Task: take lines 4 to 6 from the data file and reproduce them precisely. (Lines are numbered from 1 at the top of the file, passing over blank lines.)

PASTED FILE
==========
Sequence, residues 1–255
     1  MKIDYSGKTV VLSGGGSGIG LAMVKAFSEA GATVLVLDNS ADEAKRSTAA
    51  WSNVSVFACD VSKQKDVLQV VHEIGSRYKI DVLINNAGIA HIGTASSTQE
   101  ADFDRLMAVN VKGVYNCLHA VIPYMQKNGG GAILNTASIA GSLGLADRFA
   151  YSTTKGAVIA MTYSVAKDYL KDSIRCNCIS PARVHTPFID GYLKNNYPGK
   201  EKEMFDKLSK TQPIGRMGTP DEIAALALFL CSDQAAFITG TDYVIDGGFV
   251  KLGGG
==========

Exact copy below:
   101  ADFDRLMAVN VKGVYNCLHA VIPYMQKNGG GAILNTASIA GSLGLADRFA
   151  YSTTKGAVIA MTYSVAKDYL KDSIRCNCIS PARVHTPFID GYLKNNYPGK
   201  EKEMFDKLSK TQPIGRMGTP DEIAALALFL CSDQAAFITG TDYVIDGGFV